We've heard a bit about Google Daydream—the new smartphone-based virtual reality platform that is supposed to provide a markedly better experience than Cardboard—but don't really know what it'll look like. Engadget claims we could find out in just a couple of weeks, since Android Nougat is already out, a necessary component of Daydream.
Another day, another company hopping on the virtual reality bandwagon. Today, it's fast food behemoth McDonald's, which is testing limited edition Happy Meal boxes that you can turn into a VR headset by punching out a couple holes and tearing along a few perforated seams. The resulting headset is a lot like Google Cardboard, with the lingering scent of fry grease.
With 2015's generation of flagship smartphones fast approaching, LG is turning to virtual reality to clear its G3 inventory. VR for G3 is a Google Cardboard-inspired virtual reality headset that was custom fit to encase the phone and uses a pair of lenses to create stereoscopic imagery.
Samsung's Gear VR headset is a thing of beauty; unfortunately, it only works with the Samsung Galaxy Note 4. That's where ImmersiON-VRelia's Head-Mounted Displays come in to play. With four different HMD models, we got a hands-on look at "The Go," which is not only affordable (at $125), but also compatible with the majority of Android and iOS devices.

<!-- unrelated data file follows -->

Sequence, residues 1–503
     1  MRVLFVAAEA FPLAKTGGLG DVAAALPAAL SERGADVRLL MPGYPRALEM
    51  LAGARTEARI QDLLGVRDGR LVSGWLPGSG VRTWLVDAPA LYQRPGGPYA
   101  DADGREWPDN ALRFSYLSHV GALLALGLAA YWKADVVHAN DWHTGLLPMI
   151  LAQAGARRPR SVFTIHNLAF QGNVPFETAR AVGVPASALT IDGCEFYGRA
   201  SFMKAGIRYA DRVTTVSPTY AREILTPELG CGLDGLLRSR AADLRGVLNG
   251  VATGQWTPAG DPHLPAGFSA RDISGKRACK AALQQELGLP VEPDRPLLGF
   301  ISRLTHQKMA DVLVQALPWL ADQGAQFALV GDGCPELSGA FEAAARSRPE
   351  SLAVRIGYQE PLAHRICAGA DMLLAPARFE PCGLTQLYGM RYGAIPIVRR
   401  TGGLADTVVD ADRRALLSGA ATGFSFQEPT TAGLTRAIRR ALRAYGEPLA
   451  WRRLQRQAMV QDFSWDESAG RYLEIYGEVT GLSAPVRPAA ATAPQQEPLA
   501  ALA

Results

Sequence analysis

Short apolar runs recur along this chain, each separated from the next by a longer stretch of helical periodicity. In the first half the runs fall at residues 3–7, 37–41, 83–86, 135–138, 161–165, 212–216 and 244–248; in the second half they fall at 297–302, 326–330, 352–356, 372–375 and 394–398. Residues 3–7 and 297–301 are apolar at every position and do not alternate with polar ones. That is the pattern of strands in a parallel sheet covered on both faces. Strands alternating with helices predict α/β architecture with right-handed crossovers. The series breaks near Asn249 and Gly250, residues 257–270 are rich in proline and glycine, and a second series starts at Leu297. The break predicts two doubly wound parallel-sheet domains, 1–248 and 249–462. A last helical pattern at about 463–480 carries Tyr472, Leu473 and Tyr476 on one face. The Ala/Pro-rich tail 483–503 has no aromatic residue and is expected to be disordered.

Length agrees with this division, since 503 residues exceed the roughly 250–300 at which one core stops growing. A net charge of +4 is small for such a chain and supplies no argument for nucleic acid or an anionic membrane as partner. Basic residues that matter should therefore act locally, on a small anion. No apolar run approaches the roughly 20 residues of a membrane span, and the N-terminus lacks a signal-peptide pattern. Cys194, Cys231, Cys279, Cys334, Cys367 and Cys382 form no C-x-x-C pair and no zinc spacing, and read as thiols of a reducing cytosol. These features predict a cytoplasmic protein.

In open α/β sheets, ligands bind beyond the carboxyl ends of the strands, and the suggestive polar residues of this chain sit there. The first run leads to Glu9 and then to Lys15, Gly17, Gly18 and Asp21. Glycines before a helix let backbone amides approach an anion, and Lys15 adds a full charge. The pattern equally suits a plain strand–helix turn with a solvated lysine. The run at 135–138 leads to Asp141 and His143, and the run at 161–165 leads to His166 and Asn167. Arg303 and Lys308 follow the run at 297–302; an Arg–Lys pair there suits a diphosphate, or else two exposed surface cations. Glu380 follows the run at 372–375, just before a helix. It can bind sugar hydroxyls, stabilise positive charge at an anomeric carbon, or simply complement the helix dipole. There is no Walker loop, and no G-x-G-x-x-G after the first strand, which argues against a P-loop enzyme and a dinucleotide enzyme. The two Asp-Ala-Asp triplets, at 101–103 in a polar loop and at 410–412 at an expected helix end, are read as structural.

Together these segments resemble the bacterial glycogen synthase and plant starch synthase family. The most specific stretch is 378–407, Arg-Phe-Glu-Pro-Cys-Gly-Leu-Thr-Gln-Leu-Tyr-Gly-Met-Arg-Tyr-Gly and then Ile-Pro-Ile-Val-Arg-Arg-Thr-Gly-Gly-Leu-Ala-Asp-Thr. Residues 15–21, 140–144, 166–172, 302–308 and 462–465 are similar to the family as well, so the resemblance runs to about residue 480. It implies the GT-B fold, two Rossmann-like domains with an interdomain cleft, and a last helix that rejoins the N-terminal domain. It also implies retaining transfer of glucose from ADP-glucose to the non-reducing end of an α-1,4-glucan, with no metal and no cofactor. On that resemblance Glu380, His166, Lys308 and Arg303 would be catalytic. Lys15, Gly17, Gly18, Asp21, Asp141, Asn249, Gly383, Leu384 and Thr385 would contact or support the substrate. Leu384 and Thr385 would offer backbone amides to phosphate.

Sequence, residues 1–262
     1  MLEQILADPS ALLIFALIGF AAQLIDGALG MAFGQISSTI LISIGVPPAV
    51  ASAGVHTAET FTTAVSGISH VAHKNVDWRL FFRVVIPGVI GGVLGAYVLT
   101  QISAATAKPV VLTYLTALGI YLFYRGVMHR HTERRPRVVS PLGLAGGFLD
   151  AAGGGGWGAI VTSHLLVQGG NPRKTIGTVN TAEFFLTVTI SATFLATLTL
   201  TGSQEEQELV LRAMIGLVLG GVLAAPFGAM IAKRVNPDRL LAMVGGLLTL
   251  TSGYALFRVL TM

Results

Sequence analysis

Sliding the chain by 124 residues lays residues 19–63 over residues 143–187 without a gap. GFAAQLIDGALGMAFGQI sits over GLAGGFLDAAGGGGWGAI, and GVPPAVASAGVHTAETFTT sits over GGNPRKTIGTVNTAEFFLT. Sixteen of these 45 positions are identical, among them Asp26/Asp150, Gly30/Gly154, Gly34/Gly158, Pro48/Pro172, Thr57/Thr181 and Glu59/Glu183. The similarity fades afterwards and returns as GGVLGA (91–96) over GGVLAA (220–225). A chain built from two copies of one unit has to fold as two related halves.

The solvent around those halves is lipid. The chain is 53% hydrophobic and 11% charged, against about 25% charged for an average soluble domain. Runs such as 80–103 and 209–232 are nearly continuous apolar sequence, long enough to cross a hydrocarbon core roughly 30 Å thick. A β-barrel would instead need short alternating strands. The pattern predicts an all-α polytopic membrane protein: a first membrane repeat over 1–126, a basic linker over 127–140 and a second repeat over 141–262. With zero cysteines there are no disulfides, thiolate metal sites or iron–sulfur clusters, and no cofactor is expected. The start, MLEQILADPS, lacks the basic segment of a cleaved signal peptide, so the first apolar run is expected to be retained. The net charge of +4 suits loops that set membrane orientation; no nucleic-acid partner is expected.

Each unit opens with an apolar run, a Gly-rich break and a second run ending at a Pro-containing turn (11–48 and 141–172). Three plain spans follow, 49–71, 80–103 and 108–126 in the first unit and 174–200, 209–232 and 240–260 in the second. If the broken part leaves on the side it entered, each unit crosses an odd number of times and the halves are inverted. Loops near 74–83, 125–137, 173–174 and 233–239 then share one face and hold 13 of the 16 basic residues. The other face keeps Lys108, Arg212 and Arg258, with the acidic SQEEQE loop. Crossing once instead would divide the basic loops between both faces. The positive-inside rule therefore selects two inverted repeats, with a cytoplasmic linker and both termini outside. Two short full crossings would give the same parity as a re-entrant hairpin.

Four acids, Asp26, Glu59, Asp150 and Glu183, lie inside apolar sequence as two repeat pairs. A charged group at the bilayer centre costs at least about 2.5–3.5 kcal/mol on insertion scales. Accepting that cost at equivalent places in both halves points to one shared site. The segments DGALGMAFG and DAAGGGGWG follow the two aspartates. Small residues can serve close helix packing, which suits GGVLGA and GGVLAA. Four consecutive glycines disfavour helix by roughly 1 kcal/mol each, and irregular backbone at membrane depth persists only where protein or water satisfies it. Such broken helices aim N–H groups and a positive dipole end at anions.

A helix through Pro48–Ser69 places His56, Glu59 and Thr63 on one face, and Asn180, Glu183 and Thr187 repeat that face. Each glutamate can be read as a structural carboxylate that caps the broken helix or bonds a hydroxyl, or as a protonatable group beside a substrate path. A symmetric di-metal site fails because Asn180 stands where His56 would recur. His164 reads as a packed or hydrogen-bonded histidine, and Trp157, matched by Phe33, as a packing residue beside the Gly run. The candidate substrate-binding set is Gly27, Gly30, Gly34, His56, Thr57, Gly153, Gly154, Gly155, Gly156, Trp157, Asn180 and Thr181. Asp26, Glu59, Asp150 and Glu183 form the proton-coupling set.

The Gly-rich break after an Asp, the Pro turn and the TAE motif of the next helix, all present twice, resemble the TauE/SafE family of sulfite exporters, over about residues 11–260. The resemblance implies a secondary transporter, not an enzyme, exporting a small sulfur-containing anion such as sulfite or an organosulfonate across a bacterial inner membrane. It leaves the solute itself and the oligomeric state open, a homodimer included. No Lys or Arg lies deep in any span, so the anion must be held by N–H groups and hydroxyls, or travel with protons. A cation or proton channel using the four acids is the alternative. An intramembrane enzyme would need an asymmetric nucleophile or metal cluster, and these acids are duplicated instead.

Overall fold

While visiting the Made by Google pop-up shop in New York City this morning, I had a chance to try out the new Daydream View virtual reality headset. First impressions are important, and Google's new mobile VR product makes a good one. The headset is made of a soft fabric that most evokes a beloved old college sweater that's well worn but properly cared for. The demo only featured the Slate (darker gray) model, though customers will ultimately be able to choose from either Slate, Snow, and Cr...
If you've ever wanted to be right in the thick of an operating room, you're about to get your chance. On Thursday, April 14th, you'll be able to watch a VR live stream of a tumor removal surgery. With their 360-degree camera, you'll be able to see the entire operating table and its surroundings.
Virtual reality is all the rage these days, especially with devices like the Oculus Rift, Gear VR, and HTC Vive hitting shelves lately. But before any of those fancy, expensive headsets ever made it to the market, Google came up with a thrifty and inventive substitute in the form of Google Cardboard.
Six Flags is teaming up with Samsung to make riding a roller coaster a little more thrilling, and quite possibly a little more nauseating as well.
An accelerometer/gyro goes onto an Arduino board and transmits the angular motion of the skateboard via Bluetooth to a virtual reality game I made for Android phones and Google Cardboard.